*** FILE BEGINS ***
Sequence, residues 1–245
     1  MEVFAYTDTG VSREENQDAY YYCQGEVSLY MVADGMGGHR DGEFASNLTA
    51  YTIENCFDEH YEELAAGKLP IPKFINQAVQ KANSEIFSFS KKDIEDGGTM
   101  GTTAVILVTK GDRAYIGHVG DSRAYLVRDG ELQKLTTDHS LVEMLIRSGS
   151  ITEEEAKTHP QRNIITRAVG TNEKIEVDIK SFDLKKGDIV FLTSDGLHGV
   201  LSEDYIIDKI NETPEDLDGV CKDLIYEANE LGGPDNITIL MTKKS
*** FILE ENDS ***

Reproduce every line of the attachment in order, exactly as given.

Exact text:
Sequence, residues 1–245
     1  MEVFAYTDTG VSREENQDAY YYCQGEVSLY MVADGMGGHR DGEFASNLTA
    51  YTIENCFDEH YEELAAGKLP IPKFINQAVQ KANSEIFSFS KKDIEDGGTM
   101  GTTAVILVTK GDRAYIGHVG DSRAYLVRDG ELQKLTTDHS LVEMLIRSGS
   151  ITEEEAKTHP QRNIITRAVG TNEKIEVDIK SFDLKKGDIV FLTSDGLHGV
   201  LSEDYIIDKI NETPEDLDGV CKDLIYEANE LGGPDNITIL MTKKS